3     reality is something that is absolutely unique in the history of the

 4     world.  You can find no other break-up, no other war, civil or otherwise,

 5     that equates with this one.

 6             The evidence will show that Croatia was a nation state with an

 7     independent army, independent leader with independent powers.  Republika

 8     Srpska Krajina was a nation state with an independent army.  The SVK, as

 9     a matter of fact, the army, was established on the 16th of October, 1992.

10     It too had an independent leader with independent powers who made

11     independent decisions, engaged in activity which is criminal in nature,

12     which cannot be, and the evidence will show and continue to show, laid at

13     the feet of General Perisic.

14             The evidence will show that again Bosnia-Herzegovina was a nation

15     state with independent powers and independent army, an independent

16     leader, as was the Republic of Srpska.  And in speaking of the Republic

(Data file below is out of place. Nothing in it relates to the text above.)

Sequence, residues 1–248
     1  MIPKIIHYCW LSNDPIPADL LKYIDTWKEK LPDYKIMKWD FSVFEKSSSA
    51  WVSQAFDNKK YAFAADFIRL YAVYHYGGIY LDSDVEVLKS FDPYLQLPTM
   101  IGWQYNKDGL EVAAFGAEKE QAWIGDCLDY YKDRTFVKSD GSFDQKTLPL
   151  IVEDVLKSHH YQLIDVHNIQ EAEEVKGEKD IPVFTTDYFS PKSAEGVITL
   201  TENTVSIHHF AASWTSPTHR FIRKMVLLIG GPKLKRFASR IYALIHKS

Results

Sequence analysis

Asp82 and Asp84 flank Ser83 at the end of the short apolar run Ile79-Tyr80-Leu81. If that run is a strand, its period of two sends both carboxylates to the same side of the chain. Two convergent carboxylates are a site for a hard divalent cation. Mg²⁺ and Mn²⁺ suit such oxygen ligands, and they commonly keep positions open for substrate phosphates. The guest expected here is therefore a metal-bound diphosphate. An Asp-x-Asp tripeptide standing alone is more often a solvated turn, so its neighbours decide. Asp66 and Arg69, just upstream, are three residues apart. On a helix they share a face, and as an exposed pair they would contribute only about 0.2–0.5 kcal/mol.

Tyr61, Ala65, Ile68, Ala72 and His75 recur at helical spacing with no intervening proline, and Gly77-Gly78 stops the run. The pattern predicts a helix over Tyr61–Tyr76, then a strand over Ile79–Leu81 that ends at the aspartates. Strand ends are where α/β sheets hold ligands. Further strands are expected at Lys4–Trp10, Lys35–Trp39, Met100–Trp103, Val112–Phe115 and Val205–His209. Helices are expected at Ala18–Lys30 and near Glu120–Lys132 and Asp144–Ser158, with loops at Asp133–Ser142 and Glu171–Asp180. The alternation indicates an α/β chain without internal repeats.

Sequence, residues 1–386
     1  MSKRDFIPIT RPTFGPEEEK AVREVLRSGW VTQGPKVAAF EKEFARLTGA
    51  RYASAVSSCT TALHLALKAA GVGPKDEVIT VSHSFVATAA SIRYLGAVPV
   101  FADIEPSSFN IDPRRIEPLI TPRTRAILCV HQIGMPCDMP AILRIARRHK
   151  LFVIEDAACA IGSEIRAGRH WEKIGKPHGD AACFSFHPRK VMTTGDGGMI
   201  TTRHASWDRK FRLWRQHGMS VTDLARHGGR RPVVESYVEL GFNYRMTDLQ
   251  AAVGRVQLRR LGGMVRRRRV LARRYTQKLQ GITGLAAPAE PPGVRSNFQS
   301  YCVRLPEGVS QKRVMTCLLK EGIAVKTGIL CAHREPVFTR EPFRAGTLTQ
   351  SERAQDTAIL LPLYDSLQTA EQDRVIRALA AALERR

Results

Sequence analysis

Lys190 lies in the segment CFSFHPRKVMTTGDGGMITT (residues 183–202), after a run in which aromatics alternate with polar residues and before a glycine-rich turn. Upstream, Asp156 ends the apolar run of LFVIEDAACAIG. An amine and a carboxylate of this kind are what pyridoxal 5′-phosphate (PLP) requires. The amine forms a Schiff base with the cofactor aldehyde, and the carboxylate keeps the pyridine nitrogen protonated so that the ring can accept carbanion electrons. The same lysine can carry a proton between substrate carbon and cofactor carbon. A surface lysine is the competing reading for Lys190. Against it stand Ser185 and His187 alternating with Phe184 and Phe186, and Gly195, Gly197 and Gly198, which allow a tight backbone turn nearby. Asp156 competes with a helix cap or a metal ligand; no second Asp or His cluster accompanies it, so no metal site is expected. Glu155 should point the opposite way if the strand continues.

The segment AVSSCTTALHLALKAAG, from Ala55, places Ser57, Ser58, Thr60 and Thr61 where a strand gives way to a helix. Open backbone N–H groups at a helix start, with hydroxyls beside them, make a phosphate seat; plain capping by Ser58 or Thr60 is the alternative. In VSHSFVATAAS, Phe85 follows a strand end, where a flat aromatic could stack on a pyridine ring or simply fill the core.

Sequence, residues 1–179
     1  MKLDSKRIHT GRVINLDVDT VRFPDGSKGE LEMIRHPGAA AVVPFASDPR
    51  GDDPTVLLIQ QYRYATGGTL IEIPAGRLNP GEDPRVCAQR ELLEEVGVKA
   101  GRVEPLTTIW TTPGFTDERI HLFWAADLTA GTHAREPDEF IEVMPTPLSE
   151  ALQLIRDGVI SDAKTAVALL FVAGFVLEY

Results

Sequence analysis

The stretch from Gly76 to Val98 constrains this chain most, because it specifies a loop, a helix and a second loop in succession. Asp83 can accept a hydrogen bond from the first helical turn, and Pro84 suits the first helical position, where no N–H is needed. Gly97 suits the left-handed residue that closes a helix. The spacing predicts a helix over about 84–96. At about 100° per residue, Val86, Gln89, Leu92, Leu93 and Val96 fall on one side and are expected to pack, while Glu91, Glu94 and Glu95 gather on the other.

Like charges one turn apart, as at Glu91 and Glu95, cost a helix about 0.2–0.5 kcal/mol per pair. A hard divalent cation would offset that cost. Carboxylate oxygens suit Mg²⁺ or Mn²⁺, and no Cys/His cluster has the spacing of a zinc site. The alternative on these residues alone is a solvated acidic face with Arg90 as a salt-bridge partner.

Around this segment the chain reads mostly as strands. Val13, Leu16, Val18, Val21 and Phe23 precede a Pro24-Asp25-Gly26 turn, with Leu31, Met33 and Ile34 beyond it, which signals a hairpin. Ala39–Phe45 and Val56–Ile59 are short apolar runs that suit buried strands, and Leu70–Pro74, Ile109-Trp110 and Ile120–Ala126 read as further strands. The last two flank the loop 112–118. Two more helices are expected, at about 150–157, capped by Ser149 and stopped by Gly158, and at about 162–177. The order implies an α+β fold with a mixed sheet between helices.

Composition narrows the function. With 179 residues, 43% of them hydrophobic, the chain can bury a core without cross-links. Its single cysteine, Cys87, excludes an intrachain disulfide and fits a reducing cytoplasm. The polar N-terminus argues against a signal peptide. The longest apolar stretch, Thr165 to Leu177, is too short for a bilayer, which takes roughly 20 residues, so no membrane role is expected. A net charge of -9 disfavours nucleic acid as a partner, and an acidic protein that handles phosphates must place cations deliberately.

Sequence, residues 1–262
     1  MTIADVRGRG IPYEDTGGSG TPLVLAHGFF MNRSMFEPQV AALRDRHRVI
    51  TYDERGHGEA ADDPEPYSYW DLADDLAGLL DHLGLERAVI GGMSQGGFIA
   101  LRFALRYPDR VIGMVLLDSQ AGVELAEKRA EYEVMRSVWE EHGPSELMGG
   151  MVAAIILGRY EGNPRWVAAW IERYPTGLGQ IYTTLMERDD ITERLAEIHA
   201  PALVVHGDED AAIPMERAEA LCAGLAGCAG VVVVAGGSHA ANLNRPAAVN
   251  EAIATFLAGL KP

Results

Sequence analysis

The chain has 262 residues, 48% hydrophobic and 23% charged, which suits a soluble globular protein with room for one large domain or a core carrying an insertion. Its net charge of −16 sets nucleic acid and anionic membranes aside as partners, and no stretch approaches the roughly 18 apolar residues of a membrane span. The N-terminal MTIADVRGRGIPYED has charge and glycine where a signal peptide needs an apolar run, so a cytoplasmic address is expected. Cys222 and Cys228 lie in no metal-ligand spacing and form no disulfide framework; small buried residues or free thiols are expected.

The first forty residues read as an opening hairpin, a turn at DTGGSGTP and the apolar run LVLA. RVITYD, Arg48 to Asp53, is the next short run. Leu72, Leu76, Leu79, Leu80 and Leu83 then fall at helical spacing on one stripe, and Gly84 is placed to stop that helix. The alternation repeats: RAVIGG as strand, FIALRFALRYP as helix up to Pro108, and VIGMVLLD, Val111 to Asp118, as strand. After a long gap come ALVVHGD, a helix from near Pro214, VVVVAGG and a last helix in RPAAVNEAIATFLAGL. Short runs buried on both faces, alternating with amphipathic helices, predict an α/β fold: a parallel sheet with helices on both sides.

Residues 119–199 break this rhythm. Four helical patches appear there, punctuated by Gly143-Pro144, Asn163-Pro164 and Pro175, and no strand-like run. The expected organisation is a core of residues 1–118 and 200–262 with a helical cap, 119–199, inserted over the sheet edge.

17     of Srpska, let us not forget that neither the Republic of Srpska nor the

18     VRS were de jure organs of the FRY.  They didn't have that status, the

19     status of an organ of that state under its internal law, as has been

20     found in paragraph 386 in the ICJ judgement.

21             And I suggest now would be an appropriate time to take a pause.

22             JUDGE MOLOTO:  It is indeed.  We'll take a break and come back at

23     half past 12.00.  Court adjourned.

24                           --- Recess taken at 12.00 p.m.

25                           --- On resuming at 12.30 p.m.

Page 9903

 1             JUDGE MOLOTO:  Yes, Mr. Guy-Smith.

 2             MR. GUY-SMITH:  Actions, as we suggested earlier, are predicated

 3     on perception.  We will show that General Perisic, as other men in his

 4     position throughout the history of the world, military leaders, relied on

 5     individuals and departments tasked with the responsibility of sifting and

 6     filtering through myriad pieces of disparate information in order to

 7     inform him.  Perisic's task was, among others, to advise his superiors,

 8     the Supreme Defence Council and the president, after analysing the